February's Challenge didn't go so well. I thought after how hard January's Challenge was, February's Project would be a breeze. The motivation was entirely there but something else was lacking.That something else was time. With how much I'm running right now for the Marathon training, there just wasn't a whole lot of time left for working on the guide every day for 2 hours and, well, life.The Mount Benson Guide Beta LaunchThe Beta launch for the Guide went well. I ended up putting it out a day later than I wanted it to but that was mostly to do with getting contact information from the beta testers and not whether the guide was ready. Over the 2 weeks of the beta test, the testers ploughed through the guide and gave me tons of good feedback.There was only one problem when I went to launch the guide to the public, I wasn't in town. I planned to launch at the end of February. The weekend before I had planned on ticking off the last few things I had to do on the guide and do a bit more testing before the launch. The only problem was that I wasn't in town that weekend. Friday after work until late Sunday night I would be skiing at a ski hill outside of cell reception. As luck would have it, I had "planned" another ski weekend on the Launch weekend as well. So much for looking ahead!I'm still getting myself organized from those weekends and the payment processor set up for the Guide launch to the public. Once that is set to go we can actually launch this this. It's been so long in the making, I can't wait for it to be released.I feel like I didn't get as much as I had wanted to get done this month but my time was definitely spent elsewhere. I learned a few things along the way.Time ManagementTime management can make or break projects. Any work I was getting done on the guide was crammed in and not very relaxed. I ended up having too many other things on my plate. Saying yes to a Toastmasters speech, a travel article and multiple long runs per week is a large time commitment and fitting in regular blog posts and time to work on a bigger product can push things over the top. I'm going to be very mindful to what I'm committing too over the next few months.My LimitsI came close to what my curent limits are in terms of different things on the go at once. I do like a variety of activities but when there is simply too much going on, I just feel frazzled and nothing gets done. I often resort to reading as a way of doing something but in reality it's not getting much done. I'm learning new things but it's not contributing to my weekly articles or the content for the guide I need to finish. Those things need larger blocks of uninterrupted time and those were very hard to find. Many days it felt like marathon training and blog writing were competing for the same blocks of time. Most of the time marathon training would win and I'd end up writing a small amount for the blog or not at all. I still have a month and a half left of marathon training so I have a bit of time left to work on the balance of my time but I will be glad when the training is over.My PrioritiesWhen there was too much going on, the only thing I could do was to try to find out what my most important item was. The only way I could do some work was to nail down a list of prioritized items, number one to number 4, and then start work on number one. By the next day that list would likely change but at least I had got one thing done. My current focus is completing my current task before something else takes my attention away. At the moment it seems like a dozen tasks are half finished and I can't focus on one long enough to complete it. I'm reducing the number of places I keep lists of tasks and only using ManyMoon for tasks and Google Calendar for scheduling. Nothing else. With everything in one place, either on the todo list or the calendar depending on what it is, things will be simpler.Calendar Your RealityI wanted to put everything I was doing in one place. I tried to put everything I was doing on a calendar but it got too messy and complicated so I gave up and went back to a combination of lists and calendars and other things. I finally realized that the calendar got messy and complicated when I added everything in my life to it because that's how it was. I was trying to add a lot to the calendar because there was a ton of stuff. Just looking at the calendar of what I was trying to do was leaving me overwhelmed. It was simpler just to do what popped into my head and hope for the best.I'm now working towards scheduling everything into Google Calendar and keeping it nice and clean there with the hope that when my schedule is nice and clean, my reality will reflect some of that!Next Challenge?I was going to try and do another challenge this month and take more photos every day but with how much I'm running for the marathon training, it's just not going to happen. After the training is over I may take up the challenges again as I liked the format and it was fun trying new things. I will let you know how that goes.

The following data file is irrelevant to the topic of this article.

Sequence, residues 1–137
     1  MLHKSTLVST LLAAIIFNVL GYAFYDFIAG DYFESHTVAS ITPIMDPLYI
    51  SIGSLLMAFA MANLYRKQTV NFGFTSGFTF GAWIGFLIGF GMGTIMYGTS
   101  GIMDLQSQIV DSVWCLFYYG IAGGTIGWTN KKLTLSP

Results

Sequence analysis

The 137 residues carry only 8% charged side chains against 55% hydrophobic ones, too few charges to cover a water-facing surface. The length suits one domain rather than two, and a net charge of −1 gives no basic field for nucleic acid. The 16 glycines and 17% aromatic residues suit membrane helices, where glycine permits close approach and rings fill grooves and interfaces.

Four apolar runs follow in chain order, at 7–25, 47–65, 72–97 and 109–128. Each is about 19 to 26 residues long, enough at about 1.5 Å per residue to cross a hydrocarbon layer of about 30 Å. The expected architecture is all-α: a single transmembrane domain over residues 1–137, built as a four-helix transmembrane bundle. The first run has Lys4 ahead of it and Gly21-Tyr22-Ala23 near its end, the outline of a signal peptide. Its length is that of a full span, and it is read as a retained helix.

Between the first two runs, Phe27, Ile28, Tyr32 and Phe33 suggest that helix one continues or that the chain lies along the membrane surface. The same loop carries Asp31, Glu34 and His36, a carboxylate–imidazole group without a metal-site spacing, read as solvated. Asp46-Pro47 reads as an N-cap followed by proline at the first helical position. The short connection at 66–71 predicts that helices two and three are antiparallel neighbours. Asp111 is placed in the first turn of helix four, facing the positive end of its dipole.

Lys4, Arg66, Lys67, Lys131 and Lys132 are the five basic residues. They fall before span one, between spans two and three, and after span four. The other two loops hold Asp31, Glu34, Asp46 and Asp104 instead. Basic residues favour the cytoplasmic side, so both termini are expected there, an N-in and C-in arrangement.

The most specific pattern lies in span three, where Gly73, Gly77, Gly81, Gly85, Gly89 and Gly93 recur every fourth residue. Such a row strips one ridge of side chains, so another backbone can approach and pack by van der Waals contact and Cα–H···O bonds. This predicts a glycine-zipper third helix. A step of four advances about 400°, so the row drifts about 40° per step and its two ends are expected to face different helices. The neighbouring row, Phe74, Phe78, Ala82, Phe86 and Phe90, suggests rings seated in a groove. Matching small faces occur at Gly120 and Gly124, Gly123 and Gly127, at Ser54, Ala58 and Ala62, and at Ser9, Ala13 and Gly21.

I try to mountain bike as much as I can. There is nothing quite like the feeling of being on the trail, in the flow of things, and not letting anything get in your way.Until you hit a rock or a tree.They're always there. Sometimes you hit them and sometimes you don't. I highly recommend not hitting either of them but how do you do that?Don't look at them. If you look at the rock, you'll hit the rock. If you'll stare at the tree, you'll hit the tree. You must look where you want to go, not where you don't want to go.I've found this incredibly useful in life as well. The more you focus on what you want and where you want to go, the faster you will get there. It's not even an IF you get there, it's a when. Simple as that. Don't think about all the crap other people do in the spare time. Turn off the TV, say goodbye to friends that don't get you stoked about life, and get thinking about what you want.Then think about more. And more. And more. Every single day, think about those things that you want. Start working on how you're going to get those things, achieve those goals and go those places. The more you think about them, the faster you'll get them.Go. Now. Start thinking.----UpdatesI'm using this space to keep everyone updated on what's going on with my projects.Spark Challenge UpdateI thought I would do an easy one this month by making my Spark Challenge working on the hiking guide product I'm launching at the end of the month for PureOutside. Apparently I don't have 2 spare hours each day to do that. Either that or I screw around a lot and I don't know where my time goes. Either reason is plausible. With so much running right now with marathon training, I have a lot less time than usual.Million Dollar Blog Project UpdateMy first product! The Mount Benson Hiking Guide comes out at the end of the month. I still haven't decided on the final name of the product but it will be about hiking Mount Benson in Nanaimo. Again, I can't believe it's taken this long to come out but it's finally going to be here.Traffic has been pretty steady on the site with the odd bump here and there than I can't really explain. I've been posting every week with posts that I schedule once a month so that helps with the traffic. Once the guide is done and I have a bit more time, I'd like to focus on getting a few more mega posts going. I really had fun doing the Biggest List of Ski Films in the World, and I'd like to expand that idea to the other sports I cover. Part of the fun is watching so many awesome film trailers while I'm researching the post!Latest AdventuresI've been out sailing a couple times since the last update. The weather has been off and on and not the greatest for sailing but it was just nice to get on the water. I'm trying to sponge up every tidbit of knowledge about sailing in anticipation of the VanIsle 360 race next summer, a 2 week race around Vancouver Island.I managed to get out this past weekend to do a quick overnight ski tour to Forbidden Plateau. We didn't have much time but we still got out for a nice adventure. Sunday it rained like crazy but we were still outside so it was worth it.Fitness: Marathon UpdateMarathon training is no longer killing me but it's still tough. Running 6 days a week is taking it's toll on my free time. I love running but I would like more free time to do other things. We're up to 26 kilometres for the long run this weekend.That's it for this edition of the updates. Stay tuned for more about the launch of my first product in the next edition!----img